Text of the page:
When COVID-19 started impacting companies in February 2020, procurement teams worked diligently to protect the globally integrated supply chains. Despite tackling numerous upheavals in recent times, like the Indian Ocean Tsunami, Hurricane Maria, Thailand Floods, Japanese Earthquakes, etc., companies were unprepared for a crisis of this nature and scale. According to a survey by the Institute for Supply Chain Management, about 75% of Indian companies reported supply chain disruptions due to COVID-19 restrictions, and the figures are only expected to rise in the coming months.
The first disruptive wave came in early February 2020 when China started restricting travel within the country. The lack of contingency plans for companies with supply chains in China experienced sudden and unexpected delays in orders, an issue further compounded by information blackout from China. According to a Brookings report, more than 51,000 companies across the world, including 163 Fortune 1000 companies, with one or more direct or Tier-1 were caught between a rock and a hard place. Five million including 938 Fortune 1000 companies with one or more Tier-2 suppliers were also affected. For example, AstraZeneca’s angina therapeutic, Plendil (felodipine) and Pfizer’s antidepressant, Zoloft (sertraline hydrochloride), were affected by the pandemic. According to GlobalData, Plendil is manufactured in-house at AstraZeneca’s site in Wuxi, China and the Zoloft dose form is manufactured and packaged at Pfizer’s site in Dalian, China. The supply chain was put to the test, especially since the company uses Chinese facilities for vital manufacturing steps in their products.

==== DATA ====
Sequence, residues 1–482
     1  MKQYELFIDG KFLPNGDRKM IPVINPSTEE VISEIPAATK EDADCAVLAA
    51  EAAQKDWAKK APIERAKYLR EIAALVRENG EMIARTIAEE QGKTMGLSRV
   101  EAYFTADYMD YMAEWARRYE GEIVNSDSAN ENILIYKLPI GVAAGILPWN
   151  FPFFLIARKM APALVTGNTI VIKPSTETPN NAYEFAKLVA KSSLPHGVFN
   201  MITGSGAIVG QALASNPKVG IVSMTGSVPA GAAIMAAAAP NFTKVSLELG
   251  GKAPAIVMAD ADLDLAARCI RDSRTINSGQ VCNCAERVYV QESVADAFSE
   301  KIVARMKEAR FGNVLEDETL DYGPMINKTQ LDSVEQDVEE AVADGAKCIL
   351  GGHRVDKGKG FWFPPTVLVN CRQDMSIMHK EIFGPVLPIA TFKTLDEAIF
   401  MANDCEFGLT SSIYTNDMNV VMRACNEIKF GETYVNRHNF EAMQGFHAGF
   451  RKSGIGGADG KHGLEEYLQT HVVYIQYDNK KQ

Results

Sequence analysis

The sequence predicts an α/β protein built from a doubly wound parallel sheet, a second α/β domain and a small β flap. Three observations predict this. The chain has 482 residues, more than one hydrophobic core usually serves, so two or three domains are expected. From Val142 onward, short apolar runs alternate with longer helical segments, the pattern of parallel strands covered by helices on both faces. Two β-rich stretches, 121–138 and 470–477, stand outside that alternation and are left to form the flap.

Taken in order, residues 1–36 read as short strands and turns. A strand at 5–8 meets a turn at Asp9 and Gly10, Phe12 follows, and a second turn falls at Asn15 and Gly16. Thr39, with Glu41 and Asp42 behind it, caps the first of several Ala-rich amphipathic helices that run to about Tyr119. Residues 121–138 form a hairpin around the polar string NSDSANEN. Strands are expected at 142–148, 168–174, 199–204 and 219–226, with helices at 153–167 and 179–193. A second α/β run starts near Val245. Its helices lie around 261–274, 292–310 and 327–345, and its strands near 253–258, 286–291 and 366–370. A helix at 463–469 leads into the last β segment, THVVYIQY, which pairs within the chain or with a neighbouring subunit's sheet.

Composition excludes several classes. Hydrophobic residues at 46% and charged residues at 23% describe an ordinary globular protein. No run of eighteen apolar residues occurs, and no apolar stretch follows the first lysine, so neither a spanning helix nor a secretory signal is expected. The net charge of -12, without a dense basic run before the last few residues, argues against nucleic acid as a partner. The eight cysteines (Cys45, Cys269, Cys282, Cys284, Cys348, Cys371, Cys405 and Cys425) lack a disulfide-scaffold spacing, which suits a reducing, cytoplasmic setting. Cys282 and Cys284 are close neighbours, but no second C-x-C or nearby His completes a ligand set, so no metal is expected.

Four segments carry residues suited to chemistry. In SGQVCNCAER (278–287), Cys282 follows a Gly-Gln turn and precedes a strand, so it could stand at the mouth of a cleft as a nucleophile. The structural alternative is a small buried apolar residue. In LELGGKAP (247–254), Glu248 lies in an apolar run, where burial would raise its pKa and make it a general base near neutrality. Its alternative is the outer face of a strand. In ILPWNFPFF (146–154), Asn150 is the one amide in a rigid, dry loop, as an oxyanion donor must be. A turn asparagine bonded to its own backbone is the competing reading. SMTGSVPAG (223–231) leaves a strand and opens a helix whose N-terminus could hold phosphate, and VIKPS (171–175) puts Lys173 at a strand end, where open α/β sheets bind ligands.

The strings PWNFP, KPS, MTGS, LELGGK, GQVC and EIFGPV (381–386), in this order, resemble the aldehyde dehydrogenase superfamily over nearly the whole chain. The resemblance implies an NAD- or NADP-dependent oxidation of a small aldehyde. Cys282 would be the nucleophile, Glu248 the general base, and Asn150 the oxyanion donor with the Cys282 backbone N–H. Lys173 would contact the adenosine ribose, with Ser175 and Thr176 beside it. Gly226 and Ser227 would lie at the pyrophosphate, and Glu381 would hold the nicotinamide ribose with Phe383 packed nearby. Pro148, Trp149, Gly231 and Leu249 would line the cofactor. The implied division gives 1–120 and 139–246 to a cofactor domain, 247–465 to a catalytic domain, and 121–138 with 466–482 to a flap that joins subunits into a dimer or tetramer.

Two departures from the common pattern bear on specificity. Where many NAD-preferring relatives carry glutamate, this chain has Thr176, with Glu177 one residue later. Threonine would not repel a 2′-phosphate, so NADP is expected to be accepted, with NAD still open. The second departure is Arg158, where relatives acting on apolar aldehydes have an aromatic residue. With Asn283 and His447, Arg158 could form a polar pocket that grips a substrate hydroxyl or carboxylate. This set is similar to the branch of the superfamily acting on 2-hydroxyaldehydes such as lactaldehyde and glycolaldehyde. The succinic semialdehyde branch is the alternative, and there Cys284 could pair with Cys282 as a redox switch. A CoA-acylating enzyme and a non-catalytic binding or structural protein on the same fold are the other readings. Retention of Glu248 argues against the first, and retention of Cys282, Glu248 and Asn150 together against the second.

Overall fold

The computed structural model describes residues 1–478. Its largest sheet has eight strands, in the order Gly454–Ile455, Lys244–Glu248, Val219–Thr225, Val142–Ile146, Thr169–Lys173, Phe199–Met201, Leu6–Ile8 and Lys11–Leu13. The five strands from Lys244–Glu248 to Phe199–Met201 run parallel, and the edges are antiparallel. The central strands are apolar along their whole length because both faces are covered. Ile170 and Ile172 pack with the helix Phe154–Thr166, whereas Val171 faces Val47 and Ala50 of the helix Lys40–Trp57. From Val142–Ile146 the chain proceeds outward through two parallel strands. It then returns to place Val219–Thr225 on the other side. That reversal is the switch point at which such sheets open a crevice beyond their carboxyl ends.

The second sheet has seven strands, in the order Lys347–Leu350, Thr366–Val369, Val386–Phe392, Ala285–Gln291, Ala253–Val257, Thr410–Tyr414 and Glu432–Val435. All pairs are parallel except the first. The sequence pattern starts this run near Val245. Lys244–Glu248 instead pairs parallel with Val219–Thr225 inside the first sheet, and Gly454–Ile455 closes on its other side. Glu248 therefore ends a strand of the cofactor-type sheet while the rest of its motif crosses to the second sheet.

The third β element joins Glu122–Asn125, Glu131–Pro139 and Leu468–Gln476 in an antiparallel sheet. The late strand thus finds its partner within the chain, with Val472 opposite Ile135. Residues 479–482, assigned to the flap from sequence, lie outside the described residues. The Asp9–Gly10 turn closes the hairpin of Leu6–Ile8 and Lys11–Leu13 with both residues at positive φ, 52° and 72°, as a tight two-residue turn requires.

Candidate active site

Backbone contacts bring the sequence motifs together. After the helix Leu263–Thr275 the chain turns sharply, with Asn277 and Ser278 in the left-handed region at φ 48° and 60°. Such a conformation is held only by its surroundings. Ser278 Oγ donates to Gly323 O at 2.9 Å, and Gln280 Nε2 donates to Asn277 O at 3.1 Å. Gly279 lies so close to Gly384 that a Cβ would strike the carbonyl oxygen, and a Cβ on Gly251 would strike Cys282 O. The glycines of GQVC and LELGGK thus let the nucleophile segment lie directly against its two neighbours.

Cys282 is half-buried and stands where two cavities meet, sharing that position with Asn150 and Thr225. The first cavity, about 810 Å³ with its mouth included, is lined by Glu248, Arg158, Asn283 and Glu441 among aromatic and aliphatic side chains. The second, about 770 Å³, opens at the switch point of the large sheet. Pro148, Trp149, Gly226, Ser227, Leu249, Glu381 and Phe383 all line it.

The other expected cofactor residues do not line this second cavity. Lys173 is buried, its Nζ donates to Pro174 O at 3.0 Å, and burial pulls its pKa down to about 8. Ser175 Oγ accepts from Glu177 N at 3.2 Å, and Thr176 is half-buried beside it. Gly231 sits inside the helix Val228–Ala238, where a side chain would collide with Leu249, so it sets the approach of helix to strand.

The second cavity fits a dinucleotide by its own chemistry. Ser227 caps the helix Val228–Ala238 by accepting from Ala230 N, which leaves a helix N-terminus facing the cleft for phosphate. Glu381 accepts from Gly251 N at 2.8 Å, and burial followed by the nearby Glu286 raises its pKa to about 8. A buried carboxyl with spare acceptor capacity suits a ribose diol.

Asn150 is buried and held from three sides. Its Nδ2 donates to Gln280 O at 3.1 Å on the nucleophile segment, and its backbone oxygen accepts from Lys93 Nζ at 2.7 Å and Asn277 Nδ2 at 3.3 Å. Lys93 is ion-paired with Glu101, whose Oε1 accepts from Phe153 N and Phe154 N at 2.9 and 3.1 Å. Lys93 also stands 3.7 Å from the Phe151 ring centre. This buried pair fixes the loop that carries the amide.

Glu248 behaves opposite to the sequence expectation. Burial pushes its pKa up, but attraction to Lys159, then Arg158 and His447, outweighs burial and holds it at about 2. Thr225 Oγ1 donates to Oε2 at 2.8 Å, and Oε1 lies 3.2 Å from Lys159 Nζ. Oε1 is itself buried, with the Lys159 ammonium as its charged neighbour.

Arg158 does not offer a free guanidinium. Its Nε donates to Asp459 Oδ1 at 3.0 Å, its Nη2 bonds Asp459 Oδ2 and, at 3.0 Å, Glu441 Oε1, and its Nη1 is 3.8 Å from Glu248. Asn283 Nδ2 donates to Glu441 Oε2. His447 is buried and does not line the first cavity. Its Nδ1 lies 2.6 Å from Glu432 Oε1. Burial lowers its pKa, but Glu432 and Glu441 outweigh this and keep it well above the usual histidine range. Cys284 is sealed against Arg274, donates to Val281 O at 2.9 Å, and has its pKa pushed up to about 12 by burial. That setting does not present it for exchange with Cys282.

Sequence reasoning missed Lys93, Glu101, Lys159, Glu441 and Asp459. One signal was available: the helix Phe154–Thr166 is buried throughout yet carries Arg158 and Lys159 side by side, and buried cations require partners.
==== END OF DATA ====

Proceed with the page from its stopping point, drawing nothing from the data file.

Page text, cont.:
Globalization has led to most companies de-risking their global supply chains, and spreading it across different regions, for an efficient and cost-driven model. The indignation due to the unprecedented restriction on procurement channels was felt across Indian companies; specifically, the pharmaceutical and manufacturing sectors that depend mostly on Chinese goods and technology for their production. Even though COVID-19 initiated the supply chain disruption in India, the ban on Chinese products and technology, instigated by the mainstream media and public sentiments, following the Galwan Valley India-China clash deepened the issue. These events, seemingly unrelated, have caused grave concerns questioning the very foundations of the ‘ultra-globalized’ economies that India is also a member of.
What does this entail for India’s supply chain industry, and does Covid-19 represent a wake-up call? Read the MitKat report to get exclusive insights into this ongoing phenomenon.
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